Thinking about successful content marketers makes me ponder what brands still take the traditional marketing road. Surely, all companies have a social media account now due to the importance of connecting with the consumer. However, there are a few examples of brands that are more traditional and need to follow American Express and Kraft’s route to excellent content marketing.
Some brands are adamant that social media and content marketing is not essential for marketing success. OtterBox admits to not using social media to connect with their consumers. Curt Richardson explains the situation: “Social media has become a great conduit for sharing information, but it's also opened the floodgates for a constant flow of requests, inquiries, pitches, etc.”
The brand in general limits their exposed content. Why? Richardson goes on to explain that “once you put yourself out there, you're there for the entire world (of that social platform). I joined LinkedIn for a short time and was stunned by the number of personal messages I received. If email is like taking a cooling gulp from a stream, social media is akin to opening your mouth under a waterfall.” Essentially, the company has decided to use traditional marketing to not make themselves vunerable on the Web. As a marketer, I understand where the argument comes in to limit your content due to safety and the company being “spread too thin.” My critique is from my consumer point of view: why would you not want to do everything you can to connect with your customers? OtterBox has reasoning to back up why they choose traditional marketing, but it does not appeal to me as a consumer. I do not consider OtterBox trying to differentiate themselves by not opting to use content marketing strategies; I see them as impersonal. My critique is that they should try at least connecting with customers through at least one content strategy medium. I would love to see OtterBox start a blog and give information about their new products and research.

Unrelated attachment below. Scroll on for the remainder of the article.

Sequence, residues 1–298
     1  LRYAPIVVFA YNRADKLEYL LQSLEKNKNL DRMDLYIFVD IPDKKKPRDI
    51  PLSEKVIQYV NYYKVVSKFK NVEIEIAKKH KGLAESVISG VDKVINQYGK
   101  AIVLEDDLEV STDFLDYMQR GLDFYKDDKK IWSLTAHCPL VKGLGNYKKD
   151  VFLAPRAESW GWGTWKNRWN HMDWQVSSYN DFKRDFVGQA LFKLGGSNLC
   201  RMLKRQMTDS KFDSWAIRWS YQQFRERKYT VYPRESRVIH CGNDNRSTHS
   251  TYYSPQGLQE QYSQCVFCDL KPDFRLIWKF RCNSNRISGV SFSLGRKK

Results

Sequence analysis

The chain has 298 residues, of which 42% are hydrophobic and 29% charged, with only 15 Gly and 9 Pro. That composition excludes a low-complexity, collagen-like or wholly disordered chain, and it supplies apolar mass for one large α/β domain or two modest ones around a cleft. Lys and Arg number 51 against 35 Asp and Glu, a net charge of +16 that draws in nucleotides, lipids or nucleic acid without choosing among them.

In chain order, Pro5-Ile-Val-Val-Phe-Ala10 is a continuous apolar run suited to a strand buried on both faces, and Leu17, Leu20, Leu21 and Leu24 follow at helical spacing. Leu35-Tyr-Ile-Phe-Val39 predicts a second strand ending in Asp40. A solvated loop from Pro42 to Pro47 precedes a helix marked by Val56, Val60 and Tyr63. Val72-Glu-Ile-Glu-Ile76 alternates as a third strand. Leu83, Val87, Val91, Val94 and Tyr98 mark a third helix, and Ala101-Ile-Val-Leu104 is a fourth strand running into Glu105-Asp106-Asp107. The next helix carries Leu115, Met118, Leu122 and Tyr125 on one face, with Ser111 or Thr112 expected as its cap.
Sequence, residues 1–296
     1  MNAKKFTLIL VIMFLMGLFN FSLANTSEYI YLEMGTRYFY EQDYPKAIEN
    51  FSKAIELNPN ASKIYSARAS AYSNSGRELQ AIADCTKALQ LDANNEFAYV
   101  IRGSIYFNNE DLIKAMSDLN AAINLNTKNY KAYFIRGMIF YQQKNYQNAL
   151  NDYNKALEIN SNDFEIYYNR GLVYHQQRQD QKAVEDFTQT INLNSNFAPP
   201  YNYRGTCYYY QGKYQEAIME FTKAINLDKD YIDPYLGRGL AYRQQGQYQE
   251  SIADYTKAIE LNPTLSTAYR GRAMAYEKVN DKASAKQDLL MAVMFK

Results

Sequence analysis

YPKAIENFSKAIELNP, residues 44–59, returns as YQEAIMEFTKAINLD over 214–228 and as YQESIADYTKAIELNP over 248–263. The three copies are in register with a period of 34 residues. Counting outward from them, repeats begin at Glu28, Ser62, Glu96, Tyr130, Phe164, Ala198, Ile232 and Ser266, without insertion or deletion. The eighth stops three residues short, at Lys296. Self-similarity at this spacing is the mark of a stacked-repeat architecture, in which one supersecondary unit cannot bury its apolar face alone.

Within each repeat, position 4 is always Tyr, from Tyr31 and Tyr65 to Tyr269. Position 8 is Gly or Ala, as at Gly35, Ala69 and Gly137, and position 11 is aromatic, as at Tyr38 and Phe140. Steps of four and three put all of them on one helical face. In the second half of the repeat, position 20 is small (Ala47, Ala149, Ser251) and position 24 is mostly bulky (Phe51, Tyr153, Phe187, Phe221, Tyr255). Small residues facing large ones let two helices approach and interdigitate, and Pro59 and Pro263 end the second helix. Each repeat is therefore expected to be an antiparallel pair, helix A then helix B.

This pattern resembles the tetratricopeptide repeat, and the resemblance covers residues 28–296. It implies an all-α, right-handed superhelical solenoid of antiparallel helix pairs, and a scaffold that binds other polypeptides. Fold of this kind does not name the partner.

To find out more about content marketing, look at the graphic below. It breaks down the objectives that brands try to accomplish by publishing their content.